Book Review - Future law : emerging technology, regulation and ethics

Book cover featuring a cyborg holding the scales of justice.

How will law, regulation and ethics govern a future of fast-changing technologies?

Focuses on the practical difficulties of applying law, policy and ethical structures to emergent technologies both now and in the future. Covers crucial current issues such as big data ethics, ubiquitous surveillance and the Internet of Things, and disruptive technologies such as autonomous vehicles, DIY genetics and robot agents. Asks where law might go next and how to regulate new-phase technology such as artificial intelligence, 'smart homes' and automated emotion recognition. Uses examples from popular culture such as books, films, TV and Instagram - including Black Mirror, Disney princesses, Star Wars, Doctor Who and Rick and Morty - to bring hypothetical examples to life. Bringing together cutting-edge authors from academia, legal practice and the technology industry, this book explores and leverages the power of human imagination in understanding, critiquing and improving the legal responses to technological change.

This is a brilliant introduction to the way new technology will craft the need for new laws, and how new laws alter the way we craft new technology. It's a mish-mash of law, tech, and pop-culture - as per the Gikii way.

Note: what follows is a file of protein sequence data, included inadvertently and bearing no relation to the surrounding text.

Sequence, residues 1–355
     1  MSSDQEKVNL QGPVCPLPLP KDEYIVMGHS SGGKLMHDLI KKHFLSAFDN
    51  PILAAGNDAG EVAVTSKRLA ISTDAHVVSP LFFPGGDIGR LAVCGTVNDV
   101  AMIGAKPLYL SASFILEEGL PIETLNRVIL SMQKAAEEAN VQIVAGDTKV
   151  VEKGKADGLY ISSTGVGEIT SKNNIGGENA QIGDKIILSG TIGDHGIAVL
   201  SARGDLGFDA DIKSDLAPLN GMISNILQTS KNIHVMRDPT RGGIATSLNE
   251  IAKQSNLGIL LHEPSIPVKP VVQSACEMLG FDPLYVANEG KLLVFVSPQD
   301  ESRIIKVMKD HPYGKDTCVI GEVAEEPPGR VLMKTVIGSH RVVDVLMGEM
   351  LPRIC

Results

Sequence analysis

It starts with a barnstorming explanation of how GDPR relates to Disney® Princesses! It sounds daft, but it is an excellent way to discuss how a right to privacy can be beneficial - and the risks associated with automated data processing ("Mirror, mirror on the wall... What is your lawful basis for the processing of personal data in this manner?")

There's an fascinating section on how so-called smart contracts could be used to write a person's Last Will and Testament. Can automated decisions - and possibly AI - be used to represent a human after they die? If so, what are the legal and societal ramifications of that?

The essay on port mortem privacy was particularly thought provoking and troubling in equal measure.

Some of the essays are only tangentially related to geeky concepts. Including one weird essay where Boba Fett discussed how to use software vulnerabilities to catch Hans Solo!

A few of the essays were a little to lawyer-y for me. I had to skip over large chunks about sub-clauses of GDPR and old court cases. But that's the deal with any compilation - not everything will be to your taste, but there is something for everyone.

It's a great read for anyone interested in the intersection of new-tech and modern laws.

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